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507 Puanlama

Mountains May Depart

山河故人 | Shan he gu ren

Yönetmen Jia Zhangke
Çin, Fransa, 2015


From China to Australia, the lives, loves, hopes and disillusions of three individuals in a society changing at breakneck speed.

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Mountains May Depart Yönetmen Jia Zhangke
Never developing a sense of some potential to be corrupted, the relationship between Jinsheng and Tao lacks anything like pathos, with Jinsheng verging on the ridiculous in his final scenes, wearing a pasted-on moustache. . . . Where Mountains May Depart cuts cleanest and deepest, perhaps unsurprisingly, is when it’s focused on Zhao Tao, Jia’s partner and creative collaborator since they met during the casting of Platform.
January 03, 2018
Bütün yazıyı oku
Jia ultimately believes that China’s future may be clarified through endurance, wisdom and a resilient connection with the past. Tao ultimately embodies this dynamic combination. Mountains May Depart respects many lives she’s led, and the many she failed to. Despite the film’s focus on yearning and separation, it expresses a belief that all aspects of Chinese life can be aligned yet again, like a perfect dance routine choreographed to the right song.
March 29, 2016
Bütün yazıyı oku
The film is a fascinating, if uneven, blend of melodrama, allegory, and elements of near-future sci-fi. It also serves as a star vehicle for the director’s regular muse and wife Tao Zhao. Her magnetic performance as Tao, the film’s ambitious and morally ambiguous protagonist is the film’s emotional anchor.
February 22, 2016
Bütün yazıyı oku

İnsanlar ne diyor?

  • David Grillo's rating of the film Mountains May Depart

    The existential day after The Shop Around The Corner. What is the true price of the present if the future is so uncertain? A woman's personal life is traded for currency her relationships gradually internalize the existential crises of the 21st century stuck between losing the past & losing the future later revealing to us the slow conditioning of advanced capitalism's global takeover with a stand in oedipal mother.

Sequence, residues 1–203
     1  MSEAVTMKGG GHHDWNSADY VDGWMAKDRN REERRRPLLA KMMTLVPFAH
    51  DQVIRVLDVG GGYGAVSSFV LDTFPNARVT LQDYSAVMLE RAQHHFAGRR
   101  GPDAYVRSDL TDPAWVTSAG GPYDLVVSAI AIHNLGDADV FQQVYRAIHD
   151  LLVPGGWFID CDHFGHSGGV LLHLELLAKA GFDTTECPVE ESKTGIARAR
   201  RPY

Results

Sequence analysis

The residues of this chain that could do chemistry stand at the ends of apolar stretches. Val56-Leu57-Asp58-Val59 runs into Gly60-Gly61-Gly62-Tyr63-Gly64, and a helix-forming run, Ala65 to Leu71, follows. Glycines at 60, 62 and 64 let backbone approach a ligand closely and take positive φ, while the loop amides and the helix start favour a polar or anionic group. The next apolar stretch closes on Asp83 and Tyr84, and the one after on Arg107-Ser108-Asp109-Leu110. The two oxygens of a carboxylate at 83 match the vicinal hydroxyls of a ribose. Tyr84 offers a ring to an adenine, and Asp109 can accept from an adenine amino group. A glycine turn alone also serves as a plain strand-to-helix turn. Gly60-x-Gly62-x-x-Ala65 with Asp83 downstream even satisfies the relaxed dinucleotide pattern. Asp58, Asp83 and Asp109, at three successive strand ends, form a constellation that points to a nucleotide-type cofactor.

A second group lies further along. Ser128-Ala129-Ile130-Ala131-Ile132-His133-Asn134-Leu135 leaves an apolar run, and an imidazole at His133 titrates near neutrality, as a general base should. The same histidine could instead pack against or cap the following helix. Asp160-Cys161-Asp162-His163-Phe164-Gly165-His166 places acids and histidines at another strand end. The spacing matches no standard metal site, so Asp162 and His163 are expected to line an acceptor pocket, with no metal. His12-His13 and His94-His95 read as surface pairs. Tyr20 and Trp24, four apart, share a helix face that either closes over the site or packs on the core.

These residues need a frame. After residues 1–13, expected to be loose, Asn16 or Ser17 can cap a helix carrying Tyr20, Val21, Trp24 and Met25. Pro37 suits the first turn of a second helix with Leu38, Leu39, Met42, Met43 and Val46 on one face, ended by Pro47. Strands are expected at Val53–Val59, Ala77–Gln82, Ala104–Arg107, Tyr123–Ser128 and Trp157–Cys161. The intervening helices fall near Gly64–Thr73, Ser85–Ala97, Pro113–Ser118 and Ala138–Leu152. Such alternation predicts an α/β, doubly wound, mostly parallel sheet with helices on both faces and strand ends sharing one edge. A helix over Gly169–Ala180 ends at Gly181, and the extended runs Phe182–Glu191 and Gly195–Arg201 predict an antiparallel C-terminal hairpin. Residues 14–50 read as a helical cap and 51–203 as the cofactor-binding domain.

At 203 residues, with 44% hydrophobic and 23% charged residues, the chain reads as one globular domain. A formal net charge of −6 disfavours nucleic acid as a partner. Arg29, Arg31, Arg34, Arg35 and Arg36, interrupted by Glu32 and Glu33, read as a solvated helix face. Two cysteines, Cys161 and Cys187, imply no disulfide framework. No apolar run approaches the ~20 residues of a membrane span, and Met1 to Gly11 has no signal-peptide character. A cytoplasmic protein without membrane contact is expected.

• josé neves's rating of the film Mountains May Depart

    The beauty of the characters' framings in the urban and industrial landscapes of China (something that Zhangke has already done superlatively), is determined by an expositional story of loving losses that loses a lot with the third part, of a trivial dramaticity and formality (despite the screen's enlargement and an idea of memory as a remaining echo). This way, the possibilities of a bigger melo+drama are reduced.

  • OFF_FRAME's rating of the film Mountains May Depart

    A brave effort and a terrible mess. Trying to age actors over a lifetime is always tricky but it's the lack of character development with Tao Zhao that shows the first crack. By the time we arrive in futuristic Australia everything falls apart with caricature and melodrama. 2.5 stars

  • Spiritchaser's rating of the film Mountains May Depart

    The third act completely falls apart, and even the first two parts of the film feels so inadequate in relating the complexity of love-triangle relationships. For a fantastic love-triangle film, see Hong's 'Oki's Movie'. As a commentary on tradition-modernity, it's incomparable to the rest of the director's work. A major disappointment.

  • Lucas Granero's rating of the film Mountains May Depart

    Jugando con la lógica del melodrama, Jia entrega un relato de tres dimensiones que exploran la destrucción de unas relaciones en el marco de la China contemporánea. El amor y el dinero funcionan como elementos que corroen los sentimientos y el paso del tiempo destruye todo, incluído el propio aspecto de la película. Contiene el mejor uso de una canción de Pet Shop Boys que se haya hecho en el cine: ¡¡Go West, Jia!!

  • msmichel's rating of the film Mountains May Depart

    FNC '15 Three time periods and three aspect ratios are the groundwork for this incredible film from Jia Zhangke looking on the effect of capitalism and materialism on three friends between 1999 and 2025. Performances are dynamite especially Zhao Tao, who figures in all three parts, and Sylvia Chang in the final segment. As economic prosperity grows the importance of family, culture and language wan. Major film.

  • Neil Bahadur's rating of the film Mountains May Depart

    zhangke is smarter than 90% of "directors" working today, and is willing to take enough risk so that surrealism disconcerts rather than shock and provoke. but this is a film about culture and history and it's wipeout, disguised as family melodrama. and how we need to acknowledge history so we can prevent the same sinister cycles from repeating themselves again and again

  • Jason's rating of the film Mountains May Depart

    I was one of of few who, as a big Jia fan, was pretty disappointed by A Touch of Sin. I love Mountains conceptually. It is a real coup. The use of 1.33/1 in the first section is glorious. Many complain about the actors in section three. The nature of the performances strikes me as a metaphor for dislocation and confusion, foregrounding the significant gulf between the Chinese and the Western experience of the world.

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